Vienna ranks at the top of my list of elegant European cities. Once the capital of the mighty Habsburg empire, it has a rich culture you can almost inhale — and an easy livability that I admire.

From a sightseeing point of view, Vienna is the sum of its illustrious past, with a dizzying number of sights and museums to explore. But the overall vibe of the city itself is just as enjoyable. Having lost World War I and her political power, Vienna has kicked back, becoming an expert in good living.

Vienna has a long history as Europe’s music capital, and classical music performances are everywhere, from public parks to the Vienna State Opera — which belts out 350 glittering shows a year. Gilded high culture can be surprisingly affordable here — an opera standing-room ticket is about the same price as a cinema ticket.

Whether you’re enjoying Strauss in a park or lingering in a genteel café, Vienna is a class act. For a literal taste of old Vienna, step into one of its cafés to relax with a cup of coffee, a thick slice of cake, and a newspaper. With crystal chandeliers and worn red-velvet chairs, these establishments have the charm of times past.

Less than an hour’s train or boat ride away from Vienna, Bratislava, the Slovak capital, is a convenient “on the way” destination between Budapest and Vienna. Its compact old town is lined with venerable cafés, Renaissance arcades and fun-to-browse boutiques.

A few hours are plenty to get the gist of the city. Though lacking blockbuster sights, Bratislava is an unexpected charmer and perfect for strolling. Head straight to the old town and wander its mostly traffic-free streets. The petite main square features a historic fountain, built to celebrate the 1563 coronation of Maximillian II — the first Habsburg emperor to also be crowned “King of Hungary.” Back then, Slovakia was part of Hungary, which was ruled from Austria.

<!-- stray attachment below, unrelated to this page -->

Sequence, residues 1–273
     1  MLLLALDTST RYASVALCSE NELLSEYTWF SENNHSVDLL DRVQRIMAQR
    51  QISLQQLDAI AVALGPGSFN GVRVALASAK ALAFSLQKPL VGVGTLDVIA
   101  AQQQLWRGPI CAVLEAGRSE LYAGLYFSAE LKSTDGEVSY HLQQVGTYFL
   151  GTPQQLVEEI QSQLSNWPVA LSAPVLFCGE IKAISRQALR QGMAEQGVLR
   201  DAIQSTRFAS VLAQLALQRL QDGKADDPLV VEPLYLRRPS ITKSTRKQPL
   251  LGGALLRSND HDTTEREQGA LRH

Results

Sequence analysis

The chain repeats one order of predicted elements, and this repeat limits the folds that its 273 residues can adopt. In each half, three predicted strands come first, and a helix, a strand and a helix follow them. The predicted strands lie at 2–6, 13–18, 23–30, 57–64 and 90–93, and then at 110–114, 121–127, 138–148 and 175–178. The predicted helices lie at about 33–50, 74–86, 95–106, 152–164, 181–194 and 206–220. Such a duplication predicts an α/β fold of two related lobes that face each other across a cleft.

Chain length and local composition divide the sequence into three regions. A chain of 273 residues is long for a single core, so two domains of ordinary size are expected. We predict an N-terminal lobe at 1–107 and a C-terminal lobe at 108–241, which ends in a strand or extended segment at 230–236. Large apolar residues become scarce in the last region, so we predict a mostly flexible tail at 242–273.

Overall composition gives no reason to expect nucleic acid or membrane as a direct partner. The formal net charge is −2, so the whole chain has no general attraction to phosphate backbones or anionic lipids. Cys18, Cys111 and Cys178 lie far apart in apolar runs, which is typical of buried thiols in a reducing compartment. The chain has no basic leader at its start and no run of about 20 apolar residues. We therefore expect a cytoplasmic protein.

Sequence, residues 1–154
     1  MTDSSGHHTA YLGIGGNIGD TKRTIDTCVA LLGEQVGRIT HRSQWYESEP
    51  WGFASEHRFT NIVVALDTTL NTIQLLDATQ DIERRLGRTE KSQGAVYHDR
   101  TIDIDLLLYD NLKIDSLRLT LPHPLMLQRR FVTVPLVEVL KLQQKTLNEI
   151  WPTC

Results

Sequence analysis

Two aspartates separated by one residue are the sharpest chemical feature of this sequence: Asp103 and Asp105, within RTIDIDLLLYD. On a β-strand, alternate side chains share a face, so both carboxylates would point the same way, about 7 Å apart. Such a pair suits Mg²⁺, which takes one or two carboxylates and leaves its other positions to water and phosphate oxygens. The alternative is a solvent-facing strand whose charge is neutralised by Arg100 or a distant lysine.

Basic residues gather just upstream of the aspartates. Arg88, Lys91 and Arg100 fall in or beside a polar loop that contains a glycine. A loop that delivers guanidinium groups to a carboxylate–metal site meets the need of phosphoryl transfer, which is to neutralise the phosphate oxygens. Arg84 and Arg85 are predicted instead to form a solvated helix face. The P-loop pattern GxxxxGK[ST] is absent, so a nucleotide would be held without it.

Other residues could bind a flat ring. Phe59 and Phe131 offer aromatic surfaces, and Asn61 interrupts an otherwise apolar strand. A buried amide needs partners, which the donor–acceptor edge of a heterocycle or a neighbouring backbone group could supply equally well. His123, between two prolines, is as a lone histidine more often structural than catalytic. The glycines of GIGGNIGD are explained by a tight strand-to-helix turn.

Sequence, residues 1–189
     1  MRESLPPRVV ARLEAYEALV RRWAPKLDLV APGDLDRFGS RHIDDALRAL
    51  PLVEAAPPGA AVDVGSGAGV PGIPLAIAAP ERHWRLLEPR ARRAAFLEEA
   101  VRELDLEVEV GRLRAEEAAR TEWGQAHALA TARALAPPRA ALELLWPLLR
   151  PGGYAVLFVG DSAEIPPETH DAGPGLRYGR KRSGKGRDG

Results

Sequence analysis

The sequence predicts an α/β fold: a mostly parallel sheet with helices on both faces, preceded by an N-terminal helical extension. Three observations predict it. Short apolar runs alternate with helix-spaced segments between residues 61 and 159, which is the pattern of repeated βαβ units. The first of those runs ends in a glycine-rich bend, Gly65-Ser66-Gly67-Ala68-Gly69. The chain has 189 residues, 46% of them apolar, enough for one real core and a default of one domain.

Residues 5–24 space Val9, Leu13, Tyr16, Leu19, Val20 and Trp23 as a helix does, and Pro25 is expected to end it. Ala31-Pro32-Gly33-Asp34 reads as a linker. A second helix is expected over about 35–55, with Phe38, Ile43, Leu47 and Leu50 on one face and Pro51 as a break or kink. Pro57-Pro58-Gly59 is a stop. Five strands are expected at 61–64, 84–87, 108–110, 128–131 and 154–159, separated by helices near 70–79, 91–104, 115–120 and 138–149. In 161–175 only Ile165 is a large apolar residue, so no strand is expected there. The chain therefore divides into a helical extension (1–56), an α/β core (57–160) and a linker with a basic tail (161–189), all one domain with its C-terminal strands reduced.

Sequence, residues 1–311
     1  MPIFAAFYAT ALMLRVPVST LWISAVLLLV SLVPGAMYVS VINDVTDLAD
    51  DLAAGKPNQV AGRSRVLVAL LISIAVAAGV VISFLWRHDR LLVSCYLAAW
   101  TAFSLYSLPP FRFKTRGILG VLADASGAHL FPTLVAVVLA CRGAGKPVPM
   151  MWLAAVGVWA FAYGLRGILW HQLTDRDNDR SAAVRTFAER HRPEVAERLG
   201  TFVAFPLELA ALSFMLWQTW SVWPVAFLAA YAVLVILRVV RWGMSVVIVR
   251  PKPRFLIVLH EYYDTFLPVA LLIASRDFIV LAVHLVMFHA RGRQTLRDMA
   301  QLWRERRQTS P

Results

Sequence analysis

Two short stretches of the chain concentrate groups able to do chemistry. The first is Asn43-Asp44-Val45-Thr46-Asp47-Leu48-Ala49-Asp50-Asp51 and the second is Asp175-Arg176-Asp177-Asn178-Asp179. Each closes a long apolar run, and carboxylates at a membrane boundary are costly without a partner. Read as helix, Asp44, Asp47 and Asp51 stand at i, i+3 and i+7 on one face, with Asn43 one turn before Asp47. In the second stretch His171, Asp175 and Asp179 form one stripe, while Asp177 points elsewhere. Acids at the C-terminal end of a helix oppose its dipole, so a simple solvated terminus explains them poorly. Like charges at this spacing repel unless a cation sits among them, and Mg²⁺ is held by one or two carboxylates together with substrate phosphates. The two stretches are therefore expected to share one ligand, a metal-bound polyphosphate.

Finish your stroll with a hike up to Bratislava Castle, the city’s most prominent landmark. Originally a military fortress, in the 18th century it was transformed into a royal residence for Habsburg Empress Maria Theresa. While the castle now houses exhibits, the main reason to head up the hill is for the views over the city and the Danube.

Bratislava’s energy is inspiring, but the true powerhouse of this region is Hungary’s capital, Budapest. It can be challenging and complicated, but Budapest is worth it: It’s an enjoyably cosmopolitan place of unexpected elegance.

Straddling the Danube River, it’s technically two towns in one, with mighty bridges linking historic Buda and modern Pest. Hilly Buda is dominated by Castle Hill. The royal palace marks the place where one of Europe’s mightiest castles once stood. Since the 14th century, Hungary has been ruled from this spot.